7 Dennis Norman
Dennis Norman was cheered on by Tigers fans as he spent his college years playing for Princeton University. Norman was named first-team All-Ivy League for three consecutive years – something only three others players have ever managed to do. Drafted by the Seattle Seahawks in in 2001, he has also played with the Jacksonville Jaguars and San Diego Chargers.
While Norman’s NFL record may be less than stellar, he’s well aware of the implications of his decision to select a school more known for education than athletics. He’s spoken in interviews that, had an NFL career been his sole dream, Princeton would not have been his pick – he selected it because he wanted to be assured a successful career, athletic or otherwise. This is, interestingly, one of the reasons many feel the NFL dislikes Ivy League players – they don’t necessarily like the idea that someone has considered a back-up plan outside of football. Norman’s degree is in computer science engineering: if the lights ever go out at another Super Bowl, maybe he can take a peek at the system. He is currently a free agent.
6 Bryan Walters
Wide receiver Bryan Walters spent his college career at Cornell University. His BA was in Economics – a seemingly popular choice for brainy NFL players. Perhaps they want to know how to spend the big NFL salaries when they’re making them. While he went undrafted in the 2010 NFL Draft, he has since played with the San Diego Chargers, Minnesota Vikings, and Seattle Seahawks.
5 Desmond Bryant
Cleveland Browns defensive end Desmond Bryant, formerly on the Oakland Raiders roster, also played on Cambridge fields in an audience of crimson-clad fans. Though Bryant received offers from several schools –Duke, Florida A&M, and Towson University- he ended up choosing Harvard despite their lack of athletic scholarships. He wasn’t swayed by the school, however, but the coach – in interviews, he’s confessed that he selected Harvard because of what Harvard Crimson coach Tim Murphy had said to him. He’s described himself as a fish out of water in the Ivy League, someone who didn’t spend much time with students outside of his teammates and focused more on his playing than his studying. He eventually made it through and got his degree in Psychology.
4 Zak DeOssie
While other players were circulating in big, raucous state schools, Zak DeOssie played in the fields of Brown University. After a successful college career with three first-team All-Ivy League honors and two third-team All-American honors, DeOssie became the first Brown player – ever – to get an invite to Combine week. He was also, notably, the only Ivy League player there. An admirable showing at Combine led him to be drafted in the fourth round by the New York Giants in 2007. He has been a two-time Pro Bowl selection and two-time Super Bowl champion (Super Bowl XLII and Super Bowl XLVI.)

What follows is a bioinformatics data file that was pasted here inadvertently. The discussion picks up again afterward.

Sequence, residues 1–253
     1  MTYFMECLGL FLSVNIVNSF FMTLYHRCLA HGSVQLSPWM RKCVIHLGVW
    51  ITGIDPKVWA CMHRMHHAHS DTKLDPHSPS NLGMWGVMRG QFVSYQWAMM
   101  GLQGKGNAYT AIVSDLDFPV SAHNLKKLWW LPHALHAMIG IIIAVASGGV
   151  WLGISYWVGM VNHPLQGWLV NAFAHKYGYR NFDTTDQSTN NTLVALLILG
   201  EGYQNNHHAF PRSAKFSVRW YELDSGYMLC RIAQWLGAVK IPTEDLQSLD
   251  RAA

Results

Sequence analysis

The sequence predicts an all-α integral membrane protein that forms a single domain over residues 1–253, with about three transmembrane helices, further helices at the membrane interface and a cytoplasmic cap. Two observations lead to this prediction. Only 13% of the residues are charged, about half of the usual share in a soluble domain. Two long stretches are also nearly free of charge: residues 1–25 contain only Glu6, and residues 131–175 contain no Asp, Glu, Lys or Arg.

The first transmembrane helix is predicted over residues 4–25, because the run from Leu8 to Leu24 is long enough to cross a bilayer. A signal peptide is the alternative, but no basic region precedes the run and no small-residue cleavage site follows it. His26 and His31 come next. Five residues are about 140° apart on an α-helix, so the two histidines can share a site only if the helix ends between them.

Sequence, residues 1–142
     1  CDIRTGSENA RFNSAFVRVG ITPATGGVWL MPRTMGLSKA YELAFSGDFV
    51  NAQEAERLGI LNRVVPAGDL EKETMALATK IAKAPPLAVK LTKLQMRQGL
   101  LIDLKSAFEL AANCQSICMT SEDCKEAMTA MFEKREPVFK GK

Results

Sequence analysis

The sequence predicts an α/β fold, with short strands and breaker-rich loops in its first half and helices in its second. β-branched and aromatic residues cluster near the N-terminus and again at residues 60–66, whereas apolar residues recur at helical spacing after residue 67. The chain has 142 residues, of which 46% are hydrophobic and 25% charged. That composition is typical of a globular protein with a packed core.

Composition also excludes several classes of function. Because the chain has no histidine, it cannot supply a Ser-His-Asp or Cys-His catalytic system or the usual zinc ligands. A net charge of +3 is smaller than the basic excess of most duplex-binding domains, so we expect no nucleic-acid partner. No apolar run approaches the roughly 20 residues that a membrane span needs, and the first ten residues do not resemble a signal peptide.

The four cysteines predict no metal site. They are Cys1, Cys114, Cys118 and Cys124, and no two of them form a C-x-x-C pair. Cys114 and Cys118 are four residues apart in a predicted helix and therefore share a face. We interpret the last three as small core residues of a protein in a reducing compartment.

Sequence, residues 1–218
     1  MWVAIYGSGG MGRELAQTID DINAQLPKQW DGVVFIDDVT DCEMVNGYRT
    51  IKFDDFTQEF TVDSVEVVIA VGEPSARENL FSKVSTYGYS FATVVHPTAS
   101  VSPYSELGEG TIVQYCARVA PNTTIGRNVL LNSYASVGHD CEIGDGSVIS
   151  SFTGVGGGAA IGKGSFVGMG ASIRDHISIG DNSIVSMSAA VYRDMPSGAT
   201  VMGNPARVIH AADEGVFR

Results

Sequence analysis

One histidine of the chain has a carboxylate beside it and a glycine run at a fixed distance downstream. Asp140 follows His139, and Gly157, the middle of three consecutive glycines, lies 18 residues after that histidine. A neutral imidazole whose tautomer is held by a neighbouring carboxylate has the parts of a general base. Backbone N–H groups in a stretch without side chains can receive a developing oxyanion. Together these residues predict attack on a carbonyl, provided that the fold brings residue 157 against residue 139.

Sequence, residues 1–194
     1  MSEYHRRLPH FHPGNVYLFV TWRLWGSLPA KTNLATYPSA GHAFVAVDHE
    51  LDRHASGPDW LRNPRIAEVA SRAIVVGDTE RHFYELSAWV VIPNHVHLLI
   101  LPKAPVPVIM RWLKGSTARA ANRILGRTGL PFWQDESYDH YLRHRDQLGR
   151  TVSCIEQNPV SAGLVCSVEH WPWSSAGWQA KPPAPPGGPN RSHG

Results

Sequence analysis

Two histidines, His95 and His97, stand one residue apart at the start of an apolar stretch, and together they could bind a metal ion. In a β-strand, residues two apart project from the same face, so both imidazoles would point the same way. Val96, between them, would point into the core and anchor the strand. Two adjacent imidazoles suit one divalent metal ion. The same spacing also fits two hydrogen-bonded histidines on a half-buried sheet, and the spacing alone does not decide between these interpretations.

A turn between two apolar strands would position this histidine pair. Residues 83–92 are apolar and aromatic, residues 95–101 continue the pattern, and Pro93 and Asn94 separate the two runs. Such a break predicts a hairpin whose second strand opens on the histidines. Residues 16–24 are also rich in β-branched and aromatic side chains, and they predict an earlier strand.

3 Kevin Boothe
The Oakland Raiders’ offensive lineman Kevin Boothe honed his skills on Ithaca’s tranquil fields as a player at Cornell University. Boothe, a three-time All-Ivy League selection, graduated with a Bachelor of Science degree in Hotel Administration. While at Cornell, he was also a member of the Quill and Dagger society, a senior honor society comparable to Yale University’s infamous Skull and Bones society. When selected in the 2006 NFL Draft, he was the first Cornell draft pick in nearly ten years. While an active player, Boothe continued his education and just recently (2013) graduated from the George Washington University School of Business with an MBA.
2 Mike Catapano
Mike Catapano, freshly drafted in the 2013 NFL Draft, is a defensive end for the Kansas City Chiefs who got his college start playing for Princeton. A 2012 Ivy League Defensive Player of the year, he was the first Princeton player picked in the draft since 2001 when Dennis Norman was taken. A psychology major, for his senior thesis at Princeton he selected the topic of visual cognition and memory – so being aware of where everyone is on the field and remembering the complex plays shouldn’t be an issue.
1 Ryan Fitzpatrick
Who else would it be? After getting accepted with an SAT score of 1580, Fitzpatrick honed his quarterback skills at Harvard University. He was backup for Neil Rose in his first two years with the team, but eventually took over the starting position when Rose had graduated. In 2004, he won Ivy League MVP honors, led Harvard to win the Ivy League Championship and is the first Harvard quarterback to rush over 1,000 yards during his university time. He topped this off with scoring a 48 on the Wonderlic when he took it, one of the highest scores to date. Fitzpatrick has bounced around a fair bit in his career: he’s served stints with the St. Louis Rams, Cincinnati Bengals, Buffalo Bills, and Tennessee Titans. As of fairly recently (March 18th of this year) he’s signed on with the Houston Texans for a two year contract. Though there may not be that many Harvard grads in the NFL, Fitzpatrick has the additional distinction of being the first Harvard grad to start at quarterback in an NFL game. Like a lot of the Harvard players, his degree is in Economics.